In the seventeenth and eighteenth centuries explorers and colonists took over the coasts and limited sections of the interior, displacing native populations with often devastating consequences. But it was not until the late eighteenth century that the wholesale transformation of the continent’s interior began in earnest. Following the French and Indian War and the American Revolution, Great Britain and the United States were the major western presence on the continent. These two societies brought with them a world view that differed markedly from that of the Native Americans. Exclusive ownership, control, and exploitation of the land and its resources were central to the western world view. Native American societies also sought to exploit nature’s abundance, but their technologies and economies evolved views of the land in which balance and non-exclusive use were central. The differences in these two perspectives on the land are reflected in the maps these two traditions produced. Western maps describe land as an object; their mapping systems use conventions like scale and the coordinate system to “accurately” picture the land and establish the boundaries of ownership that define it. Native American oral maps are fluid pictures of a dynamic landscape, a geography in which experience shapes the past and present of the land. By the end of the nineteenth century this indigenous conception of the landscape, along with many of the indigenous people who inhabited it, was replaced by the western view of nature as conquered, controlled, and exploited for the progress of civilization.
     Ironically, the record of exploration contains numerous references to Native American participation in this process. From the Caribbean Natives who showed Columbus where he could find the gold he was seeking, to the Indian informants who supplied Lewis and Clark with maps that helped to open up the Louisiana Territory, western society has relied upon Native Americans to help fill in the details of its maps. While a few western maps recognize the Native American contribution, most simply used the information to fill in the picture of lands they claimed in the name of western kings, gods, and countries. Below the surface of these noble statements, there is a record of less glorious undertakings. The transformation of North America required that American Indians’ land had to be appropriated, wars of extermination had to be waged, and entire populations had to be forcibly relocated. Far from simply adding westernized names to a paper landscape and tracing the course of exploration and development, the remapping of North America involved a path of conquest and repression.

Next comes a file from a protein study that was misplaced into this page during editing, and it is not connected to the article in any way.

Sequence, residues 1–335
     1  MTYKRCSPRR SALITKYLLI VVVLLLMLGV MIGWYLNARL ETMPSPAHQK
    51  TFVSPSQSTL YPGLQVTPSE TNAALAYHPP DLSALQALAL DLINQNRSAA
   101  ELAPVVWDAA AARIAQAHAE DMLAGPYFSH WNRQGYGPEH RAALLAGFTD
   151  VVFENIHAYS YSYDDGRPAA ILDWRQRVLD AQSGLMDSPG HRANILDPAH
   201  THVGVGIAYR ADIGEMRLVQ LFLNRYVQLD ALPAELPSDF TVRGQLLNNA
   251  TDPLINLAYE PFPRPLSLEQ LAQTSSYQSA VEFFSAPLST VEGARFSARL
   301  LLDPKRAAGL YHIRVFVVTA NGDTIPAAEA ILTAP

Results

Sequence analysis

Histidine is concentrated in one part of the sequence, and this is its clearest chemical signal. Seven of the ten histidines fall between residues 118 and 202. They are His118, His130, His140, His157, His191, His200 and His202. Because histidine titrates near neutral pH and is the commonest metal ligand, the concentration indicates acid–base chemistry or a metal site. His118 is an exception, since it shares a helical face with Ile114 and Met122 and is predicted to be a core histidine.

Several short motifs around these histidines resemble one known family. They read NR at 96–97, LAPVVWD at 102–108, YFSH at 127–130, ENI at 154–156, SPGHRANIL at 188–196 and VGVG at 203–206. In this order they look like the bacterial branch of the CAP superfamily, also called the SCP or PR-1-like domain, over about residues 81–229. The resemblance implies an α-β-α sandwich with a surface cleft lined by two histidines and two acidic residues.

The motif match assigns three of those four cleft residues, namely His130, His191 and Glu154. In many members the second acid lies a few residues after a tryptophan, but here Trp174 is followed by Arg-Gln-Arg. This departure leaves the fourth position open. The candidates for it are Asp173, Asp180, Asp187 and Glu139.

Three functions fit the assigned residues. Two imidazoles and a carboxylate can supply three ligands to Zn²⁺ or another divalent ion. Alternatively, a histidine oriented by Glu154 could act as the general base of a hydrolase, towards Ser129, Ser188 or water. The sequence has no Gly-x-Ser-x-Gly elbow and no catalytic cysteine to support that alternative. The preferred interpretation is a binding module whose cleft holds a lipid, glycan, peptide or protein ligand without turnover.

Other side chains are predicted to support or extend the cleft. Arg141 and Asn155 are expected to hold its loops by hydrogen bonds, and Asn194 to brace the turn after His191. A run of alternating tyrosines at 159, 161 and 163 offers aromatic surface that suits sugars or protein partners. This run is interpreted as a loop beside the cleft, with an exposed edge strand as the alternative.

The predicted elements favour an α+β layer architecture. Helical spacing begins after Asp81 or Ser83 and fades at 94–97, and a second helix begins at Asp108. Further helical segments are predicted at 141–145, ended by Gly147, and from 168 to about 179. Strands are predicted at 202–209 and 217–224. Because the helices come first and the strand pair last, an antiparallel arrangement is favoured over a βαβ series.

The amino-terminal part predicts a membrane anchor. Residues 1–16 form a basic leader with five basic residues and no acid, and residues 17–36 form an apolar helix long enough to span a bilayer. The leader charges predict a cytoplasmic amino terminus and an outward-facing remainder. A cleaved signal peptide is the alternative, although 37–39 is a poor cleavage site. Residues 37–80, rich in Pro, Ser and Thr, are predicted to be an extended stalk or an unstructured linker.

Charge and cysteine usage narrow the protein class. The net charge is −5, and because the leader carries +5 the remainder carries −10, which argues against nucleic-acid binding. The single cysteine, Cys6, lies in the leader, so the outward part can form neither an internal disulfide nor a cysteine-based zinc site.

The maps that accompanied these processes were made to show first a European and then an American audience the extent and character of the newly claimed landscape. They transformed the territory, giving it familiar names, noting the locations of important resources, and drawing in the boundaries and communications routes that reflected western inhabitation. For years these early maps have provided scholars and pedants with fodder for reconstructing the minutia of European exploration. But they are also a glimpse of the Native American geography. They offer insights into the territories occupied by American Indian groups, and a hint of the knowledge carried in their oral traditions.